Yeah, absolutely. Consider greater inclusion. The Go FlyEase certainly does.

Nike Go Flyease sneakers
Image via Kailee Mandel

So what is the relationship between those advances that are just novelty and those that are more about accessibility or have a purpose?
It’s an interesting question. For example, I have the Yeezy Foam Rnnr in the innovation section. But part of their innovation isn’t just their looks, or the fact that they’re a singular foam-based structure. It’s the fact that it’s made from seaweed, which very clearly overlaps with durability. Innovation is therefore often driven by these other issues which are also explored in the exhibition and the book. Or, for example, with 3D printing, you build something rather than cutting something out to reveal it, which reduces waste.

But is it something like using 3D printing to reduce waste, or is it more of a side effect of implementing these processes?
It’s a complicated answer. I think sometimes the problem, or the nut you want to crack, might be sustainability, which can lead to innovation so groundbreaking that it transforms the business. Knitting is a perfect example. One of the problems with making leather shoes is that you have to take a cowhide, which is basically the equivalent of a piece of rolled dough, and then you take a cookie cutter, a sole, to cut out the pieces needed to make the shoe. Like when you bake cookies, you have lots and lots of bits left over – but you can’t take those bits and massage them together to make another batch. You have an incredible amount of waste. With knitting, you have the yarn, you cut the yarn, there is no waste. But knitting wasn’t introduced just to reduce waste. It was about creating something mobile and breathable that can adapt to different sizes of feet.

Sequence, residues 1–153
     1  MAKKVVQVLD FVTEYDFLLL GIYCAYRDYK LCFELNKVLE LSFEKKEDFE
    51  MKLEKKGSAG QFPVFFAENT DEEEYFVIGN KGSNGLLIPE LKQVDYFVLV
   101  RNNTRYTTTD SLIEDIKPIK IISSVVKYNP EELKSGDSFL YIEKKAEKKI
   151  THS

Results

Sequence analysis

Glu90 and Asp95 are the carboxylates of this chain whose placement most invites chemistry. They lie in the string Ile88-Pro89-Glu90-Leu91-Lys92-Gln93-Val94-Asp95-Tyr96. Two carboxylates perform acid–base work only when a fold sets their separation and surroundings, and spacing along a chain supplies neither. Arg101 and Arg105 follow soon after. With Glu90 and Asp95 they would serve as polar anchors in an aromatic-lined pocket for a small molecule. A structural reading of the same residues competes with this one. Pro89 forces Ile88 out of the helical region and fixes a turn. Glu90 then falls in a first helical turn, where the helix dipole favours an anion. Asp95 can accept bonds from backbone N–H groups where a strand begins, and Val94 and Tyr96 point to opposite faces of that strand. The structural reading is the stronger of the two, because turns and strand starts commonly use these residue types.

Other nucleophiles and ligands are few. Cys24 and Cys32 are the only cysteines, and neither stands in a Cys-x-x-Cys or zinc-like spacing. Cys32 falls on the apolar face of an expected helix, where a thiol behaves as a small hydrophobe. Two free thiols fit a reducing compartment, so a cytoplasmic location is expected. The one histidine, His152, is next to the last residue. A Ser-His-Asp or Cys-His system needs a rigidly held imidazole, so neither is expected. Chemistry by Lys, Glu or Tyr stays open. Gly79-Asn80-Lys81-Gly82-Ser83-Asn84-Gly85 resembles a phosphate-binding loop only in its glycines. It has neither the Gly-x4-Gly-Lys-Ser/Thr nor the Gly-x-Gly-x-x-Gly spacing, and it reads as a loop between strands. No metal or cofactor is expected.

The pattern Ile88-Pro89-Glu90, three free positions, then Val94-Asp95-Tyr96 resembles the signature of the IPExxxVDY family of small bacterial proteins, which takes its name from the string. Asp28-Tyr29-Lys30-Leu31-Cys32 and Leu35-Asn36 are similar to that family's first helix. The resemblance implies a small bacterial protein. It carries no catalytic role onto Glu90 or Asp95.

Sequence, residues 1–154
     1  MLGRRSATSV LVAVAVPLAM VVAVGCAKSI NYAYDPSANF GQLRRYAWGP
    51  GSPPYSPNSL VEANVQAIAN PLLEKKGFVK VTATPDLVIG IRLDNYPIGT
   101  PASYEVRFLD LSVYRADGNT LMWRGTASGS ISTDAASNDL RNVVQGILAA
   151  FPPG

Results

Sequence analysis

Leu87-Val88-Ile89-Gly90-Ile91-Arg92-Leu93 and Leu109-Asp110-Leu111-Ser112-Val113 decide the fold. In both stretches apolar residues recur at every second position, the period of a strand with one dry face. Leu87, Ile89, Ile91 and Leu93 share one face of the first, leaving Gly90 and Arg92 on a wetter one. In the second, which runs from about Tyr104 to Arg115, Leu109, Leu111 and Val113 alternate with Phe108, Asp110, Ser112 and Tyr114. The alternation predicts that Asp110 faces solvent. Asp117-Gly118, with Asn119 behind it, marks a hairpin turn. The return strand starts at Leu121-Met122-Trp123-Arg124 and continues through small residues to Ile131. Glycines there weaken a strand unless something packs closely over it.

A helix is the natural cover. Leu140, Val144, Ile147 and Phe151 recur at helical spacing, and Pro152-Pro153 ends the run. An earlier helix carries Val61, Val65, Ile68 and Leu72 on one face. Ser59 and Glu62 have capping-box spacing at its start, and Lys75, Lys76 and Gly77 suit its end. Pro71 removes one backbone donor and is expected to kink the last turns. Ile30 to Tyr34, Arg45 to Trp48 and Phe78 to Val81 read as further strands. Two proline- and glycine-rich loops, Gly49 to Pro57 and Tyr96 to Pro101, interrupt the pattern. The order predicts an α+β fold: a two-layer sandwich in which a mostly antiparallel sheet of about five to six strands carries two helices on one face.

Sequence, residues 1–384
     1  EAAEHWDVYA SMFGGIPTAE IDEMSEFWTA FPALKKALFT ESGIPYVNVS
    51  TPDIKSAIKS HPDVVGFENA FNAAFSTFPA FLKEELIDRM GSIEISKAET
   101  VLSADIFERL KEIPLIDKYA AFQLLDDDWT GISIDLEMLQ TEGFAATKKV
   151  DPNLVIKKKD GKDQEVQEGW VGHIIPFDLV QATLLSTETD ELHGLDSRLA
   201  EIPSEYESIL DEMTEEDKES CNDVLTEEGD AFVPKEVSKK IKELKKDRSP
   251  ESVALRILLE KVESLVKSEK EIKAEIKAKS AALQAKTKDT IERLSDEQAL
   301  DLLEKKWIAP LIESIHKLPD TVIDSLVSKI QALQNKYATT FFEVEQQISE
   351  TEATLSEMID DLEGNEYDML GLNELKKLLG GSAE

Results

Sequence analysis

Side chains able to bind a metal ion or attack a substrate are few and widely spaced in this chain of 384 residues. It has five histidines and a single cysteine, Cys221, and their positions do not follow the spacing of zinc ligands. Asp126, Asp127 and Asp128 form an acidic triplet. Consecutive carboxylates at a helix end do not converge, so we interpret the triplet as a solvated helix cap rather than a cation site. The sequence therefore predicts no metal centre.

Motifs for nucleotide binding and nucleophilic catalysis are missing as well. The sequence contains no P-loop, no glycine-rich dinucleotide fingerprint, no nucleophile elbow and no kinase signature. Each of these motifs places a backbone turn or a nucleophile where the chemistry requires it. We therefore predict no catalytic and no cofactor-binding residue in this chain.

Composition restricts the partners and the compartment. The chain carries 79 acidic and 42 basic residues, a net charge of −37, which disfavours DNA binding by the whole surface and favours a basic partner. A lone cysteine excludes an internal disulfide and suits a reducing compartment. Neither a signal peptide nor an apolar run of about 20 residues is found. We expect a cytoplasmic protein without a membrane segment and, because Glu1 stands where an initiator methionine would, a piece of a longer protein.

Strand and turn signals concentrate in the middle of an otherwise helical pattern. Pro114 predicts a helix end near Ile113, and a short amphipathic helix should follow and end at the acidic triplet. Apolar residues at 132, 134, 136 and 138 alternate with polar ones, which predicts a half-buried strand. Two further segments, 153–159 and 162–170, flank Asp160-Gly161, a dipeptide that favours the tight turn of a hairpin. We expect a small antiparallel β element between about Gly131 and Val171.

BSM Scry Boots
Image via Publicist

It seems like if you’re a shoemaker, there may be an incentive to do something more socially responsible. But surely reducing waste must also be good for their bottom line.
Yeah, 100 percent. Absolutely. They don’t have to deal with waste. There are innovations that stem from a concern for social responsibility, but also the bottom line.

Sneaker culture is pretty much all about history – where the shoes came from, what they mean, etc. Your show is looking to the future. How does the future relate to the past in terms of sneakers, for you?
When an artist goes to work on an Air Force One, it’s not a blank canvas. The Air Force One already brings a huge amount of social meaning and history. So it’s true that those who are rooted in sneaker culture are very invested in history. They have a deep understanding and understand the references invoked in a new colorway or collaboration. But throughout the history of sneakers, we are always embracing new technologies. The pump. The air bubble. So I think sneakerheads are as interested in the story as they are in the next step. An exhibition like this is about understanding how the future is shaped, and I hope it will be interesting because history is being made as we speak.